Stepping up to the next level of education is a milestone for students. At Worawa Aboriginal College we prepare students for work and study as well as leadership roles in their community. Worawa students are prepared to walk in two worlds so they can make good choices about their own futures. The VCAL provides an alternative for young women as they journey to adulthood, further studies, work and community engagement in a supportive, culturally safe boarding school environment with a sound, ‘Two-Way’ educational background. The program provides real skills for employment, study and adult life. College programs are also strengthened by a range of partnerships in the academic, sports, health and creative arts sectors.

All VCAL students have an array of work experience choices and practical skills that make getting work in the future much easier.


Pathways and Partners

All VCAL students take part in a Certificate II in Business unless they decide to participate in paid traineeships and on the job training that will help them gain employment and get in to further study.

RMIT University
Deakin University
University of Melbourne
Schiavello International
The Deloitte Foundation
Malthouse Theatre
Healesville Sanctuary
Hawthorn Football Club
Aboriginal Centre for the Performing Arts
RACV Healesville Country Club
Rotary Club of Richmond
Umpiring Academy – AFL Victoria
Wilin Centre for Indigenous Arts and Cultural Development



Work Related Skills – Participate in work experience, getting a learner’s permit and gaining advice from work mentors.

Industry Specific Skills – Complete the Certificate II in Business as part of the VCAL and gain Food Handlers, First Aid and Barista skills as part of the program. Students can also complete a paid traineeship.

Literacy – Practical projects include communication skills, writing skills as well as the presentation of research and information. This includes report writing, presenting arguments and opinions as well as letters, emails and other useful forms of writing.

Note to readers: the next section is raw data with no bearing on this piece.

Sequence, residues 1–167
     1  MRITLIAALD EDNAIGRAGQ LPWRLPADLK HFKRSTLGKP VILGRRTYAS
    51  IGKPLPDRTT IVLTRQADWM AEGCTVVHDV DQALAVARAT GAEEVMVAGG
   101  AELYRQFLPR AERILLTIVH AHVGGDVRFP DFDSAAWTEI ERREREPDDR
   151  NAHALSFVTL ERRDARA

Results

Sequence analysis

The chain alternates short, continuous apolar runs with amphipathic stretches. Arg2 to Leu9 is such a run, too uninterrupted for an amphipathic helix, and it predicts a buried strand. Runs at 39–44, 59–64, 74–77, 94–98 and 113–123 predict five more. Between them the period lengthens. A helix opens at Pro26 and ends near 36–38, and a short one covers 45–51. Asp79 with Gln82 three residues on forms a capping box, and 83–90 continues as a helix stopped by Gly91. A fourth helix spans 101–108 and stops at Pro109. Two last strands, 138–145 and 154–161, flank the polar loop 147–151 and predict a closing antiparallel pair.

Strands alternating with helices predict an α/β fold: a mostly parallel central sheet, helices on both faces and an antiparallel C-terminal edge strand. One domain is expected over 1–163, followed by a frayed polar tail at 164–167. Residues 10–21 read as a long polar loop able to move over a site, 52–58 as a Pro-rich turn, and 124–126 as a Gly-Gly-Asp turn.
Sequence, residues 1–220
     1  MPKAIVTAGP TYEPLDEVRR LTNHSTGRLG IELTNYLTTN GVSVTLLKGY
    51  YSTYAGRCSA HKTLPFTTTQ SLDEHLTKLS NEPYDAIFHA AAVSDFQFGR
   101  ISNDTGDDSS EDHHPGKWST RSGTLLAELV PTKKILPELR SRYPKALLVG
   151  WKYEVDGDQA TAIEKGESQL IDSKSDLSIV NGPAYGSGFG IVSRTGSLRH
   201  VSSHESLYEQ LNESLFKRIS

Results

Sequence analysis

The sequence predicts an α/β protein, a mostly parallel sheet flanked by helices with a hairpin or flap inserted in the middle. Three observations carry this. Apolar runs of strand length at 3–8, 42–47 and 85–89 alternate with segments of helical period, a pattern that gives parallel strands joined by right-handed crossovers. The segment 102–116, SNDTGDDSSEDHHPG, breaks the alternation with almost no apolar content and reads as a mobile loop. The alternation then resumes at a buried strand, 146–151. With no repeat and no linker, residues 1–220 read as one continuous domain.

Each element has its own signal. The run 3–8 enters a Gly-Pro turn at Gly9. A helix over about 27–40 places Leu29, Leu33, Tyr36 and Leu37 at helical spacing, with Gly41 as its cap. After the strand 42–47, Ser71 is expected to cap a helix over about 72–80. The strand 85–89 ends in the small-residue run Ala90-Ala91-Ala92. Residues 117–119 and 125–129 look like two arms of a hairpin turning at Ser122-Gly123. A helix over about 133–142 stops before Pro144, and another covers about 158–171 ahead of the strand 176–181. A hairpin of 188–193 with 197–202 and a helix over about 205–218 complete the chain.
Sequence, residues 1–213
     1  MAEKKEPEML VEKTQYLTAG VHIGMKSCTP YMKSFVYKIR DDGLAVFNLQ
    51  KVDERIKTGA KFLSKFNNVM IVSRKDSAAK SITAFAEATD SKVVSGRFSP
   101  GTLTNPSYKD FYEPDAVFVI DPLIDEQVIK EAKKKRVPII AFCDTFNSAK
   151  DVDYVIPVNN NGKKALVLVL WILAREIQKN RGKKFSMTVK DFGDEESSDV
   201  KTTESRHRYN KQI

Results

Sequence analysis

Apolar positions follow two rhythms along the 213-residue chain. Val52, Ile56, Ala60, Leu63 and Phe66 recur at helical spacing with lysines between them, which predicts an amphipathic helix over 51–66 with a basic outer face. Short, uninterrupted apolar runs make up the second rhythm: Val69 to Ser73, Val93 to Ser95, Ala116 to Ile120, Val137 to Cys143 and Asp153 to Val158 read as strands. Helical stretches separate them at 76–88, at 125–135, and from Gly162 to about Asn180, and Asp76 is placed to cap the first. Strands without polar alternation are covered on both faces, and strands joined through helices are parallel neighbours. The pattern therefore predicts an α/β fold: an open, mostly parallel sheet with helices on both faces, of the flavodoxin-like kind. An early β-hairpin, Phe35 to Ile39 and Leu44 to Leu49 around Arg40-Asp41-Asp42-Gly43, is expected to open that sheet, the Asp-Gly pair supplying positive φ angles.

Numeracy – Practical projects that include budgets, maths for the living, maths for work and any other numeracy skills that are needed for adult life, work and study.

Personal Development Skills – Working with the community, organising events, fundraising, understanding how to work in a team and be self-motivated.

Who is Eligible to Apply?

If you have successfully completed year 10 and you meet the general Worawa application criteria, you can apply to study VCAL.

How to Apply

Accommodation is limited and so for the first intake of VCAL students in 2018, we are only accepting current or past Worawa students. All students wanting to apply for year 11 at Worawa need to fill in the application form and attend an interview.

Want to Know More About VCAL?

To find out more, have a yarn with the Worawa VCAL Coordinator or you can find more detailed information about VCAL at www.vcaa.vic.edu.au.

We encourage students and their families to look at this information. Summary information from the website will also be provided to you to discuss at home.

Work readiness, life and study within an Aboriginal framework.

Student Exhibition 2017

Walk in Two Worlds is a collection of art proudly produced by the students of Worawa in 2017 that will be on display at the Sandra Bardas Gallery at Worawa from Wednesday 13 December 2017.

Ridgefield Open Gardens

A Beautiful Garden set in the Breathtaking Ancient Splendour of the Yarra Valley. Warwick and Paulette Bisley warmly invite you to enjoy their garden and life’s work.

Saturday 11 and Sunday 12 November 2017
Where: 58 Boundary Rd Coldstream
Open: 10.00am – 4.30pm
Entry price: $10 (children U18 free)

Nestled in the stunning natural beauty offering unmatched views of the ancient Yarra Valley, Ridgefield has over a hectare of lovingly created country garden. Designed by Robert Boyle, the garden gives protection from the considerable valley winds and includes a Formal Garden, Crab-apple Lawn, Croquet Lawn, Walled Garden, Birch Walk, Rose Beds, an orchard and vegetable garden.

Wander through the beautiful garden and experience special performances by students of Worawa Aboriginal College. Enjoy Devonshire Tea, wine sale, BBQ and plant sale, homemade goods, coffee. Featuring Aboriginal art by Worawa students.